Iron-refractory iron deficiency anemia.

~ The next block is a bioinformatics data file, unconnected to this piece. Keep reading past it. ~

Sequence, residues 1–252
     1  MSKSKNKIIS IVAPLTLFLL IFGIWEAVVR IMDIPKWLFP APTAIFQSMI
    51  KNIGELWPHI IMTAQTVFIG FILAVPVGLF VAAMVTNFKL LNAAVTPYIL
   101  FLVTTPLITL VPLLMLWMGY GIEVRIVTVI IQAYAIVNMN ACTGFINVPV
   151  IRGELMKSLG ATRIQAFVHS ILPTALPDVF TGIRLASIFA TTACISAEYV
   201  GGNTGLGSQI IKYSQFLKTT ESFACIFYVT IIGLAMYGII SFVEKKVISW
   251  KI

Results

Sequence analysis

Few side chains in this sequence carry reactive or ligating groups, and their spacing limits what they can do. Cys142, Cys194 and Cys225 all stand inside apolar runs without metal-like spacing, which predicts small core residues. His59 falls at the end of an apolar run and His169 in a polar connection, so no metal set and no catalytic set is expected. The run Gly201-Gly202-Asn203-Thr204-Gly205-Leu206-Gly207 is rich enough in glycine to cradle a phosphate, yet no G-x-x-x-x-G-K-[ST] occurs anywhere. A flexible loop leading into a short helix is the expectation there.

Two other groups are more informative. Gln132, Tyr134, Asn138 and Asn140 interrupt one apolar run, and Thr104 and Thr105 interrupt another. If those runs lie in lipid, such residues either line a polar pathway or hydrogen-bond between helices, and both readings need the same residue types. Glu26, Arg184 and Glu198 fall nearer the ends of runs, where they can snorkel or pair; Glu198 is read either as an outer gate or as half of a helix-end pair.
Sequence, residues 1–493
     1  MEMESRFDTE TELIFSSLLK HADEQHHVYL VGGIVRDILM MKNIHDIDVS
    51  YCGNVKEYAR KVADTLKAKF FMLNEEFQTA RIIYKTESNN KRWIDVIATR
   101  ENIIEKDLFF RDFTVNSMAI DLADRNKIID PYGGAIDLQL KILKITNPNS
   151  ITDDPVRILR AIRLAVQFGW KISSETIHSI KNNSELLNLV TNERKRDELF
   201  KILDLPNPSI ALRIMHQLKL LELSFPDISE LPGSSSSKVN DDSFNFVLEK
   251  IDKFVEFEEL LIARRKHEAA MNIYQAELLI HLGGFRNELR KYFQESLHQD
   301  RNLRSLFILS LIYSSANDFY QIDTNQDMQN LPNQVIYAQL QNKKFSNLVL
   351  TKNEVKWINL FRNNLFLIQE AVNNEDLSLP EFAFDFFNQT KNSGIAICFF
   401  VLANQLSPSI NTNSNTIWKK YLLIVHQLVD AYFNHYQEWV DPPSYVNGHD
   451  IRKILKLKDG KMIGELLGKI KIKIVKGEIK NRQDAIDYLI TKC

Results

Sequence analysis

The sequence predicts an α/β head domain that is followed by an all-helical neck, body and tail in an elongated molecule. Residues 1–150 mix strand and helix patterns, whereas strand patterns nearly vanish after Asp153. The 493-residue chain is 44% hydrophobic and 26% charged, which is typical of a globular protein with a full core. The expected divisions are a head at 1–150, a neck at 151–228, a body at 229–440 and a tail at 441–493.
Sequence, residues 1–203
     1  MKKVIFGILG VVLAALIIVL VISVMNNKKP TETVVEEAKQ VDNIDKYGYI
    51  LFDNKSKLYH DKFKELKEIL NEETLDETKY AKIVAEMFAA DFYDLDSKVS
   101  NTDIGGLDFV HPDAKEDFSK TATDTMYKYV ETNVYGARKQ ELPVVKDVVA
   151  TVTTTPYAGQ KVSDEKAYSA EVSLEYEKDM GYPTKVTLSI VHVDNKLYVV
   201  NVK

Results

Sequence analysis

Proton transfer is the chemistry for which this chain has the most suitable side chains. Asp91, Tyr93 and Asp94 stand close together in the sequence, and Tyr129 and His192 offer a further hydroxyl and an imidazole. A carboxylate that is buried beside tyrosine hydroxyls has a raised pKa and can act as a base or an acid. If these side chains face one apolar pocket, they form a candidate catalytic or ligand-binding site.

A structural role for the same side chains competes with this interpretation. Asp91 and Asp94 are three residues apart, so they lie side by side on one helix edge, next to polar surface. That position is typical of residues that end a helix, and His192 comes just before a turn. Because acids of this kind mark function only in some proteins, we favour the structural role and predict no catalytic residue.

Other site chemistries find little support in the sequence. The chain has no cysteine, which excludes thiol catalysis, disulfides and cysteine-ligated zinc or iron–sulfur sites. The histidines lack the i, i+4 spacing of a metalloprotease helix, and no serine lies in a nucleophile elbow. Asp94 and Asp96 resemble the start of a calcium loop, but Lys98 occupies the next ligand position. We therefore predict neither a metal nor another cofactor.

Iron-refractory iron deficiency anemia (IRIDA) is an autosomal recessive disorder characterized by iron deficiency anemia unresponsive to oral iron treatment but partially responsive to parenteral iron therapy. IRIDA has recently been shown to be caused by mutations in the gene TMPRSS6, which encodes a transmembrane serine protease (also known as matriptase-2) expressed by the liver. IRIDA patients show inappropriately elevated levels of hepcidin, a circulating hormone produced by the liver that inhibits both iron absorption from the intestine and iron release from macrophage stores. Recent studies suggest that TMPRSS6 normally acts to downregulate hepcidin expression by cleaving hemojuvelin, a membrane-bound protein that promotes hepcidin signaling in hepatocytes. A discussion of the clinical presentation of IRIDA, the molecular genetics of this disorder, and recent studies elucidating the underlying pathophysiology are presented.
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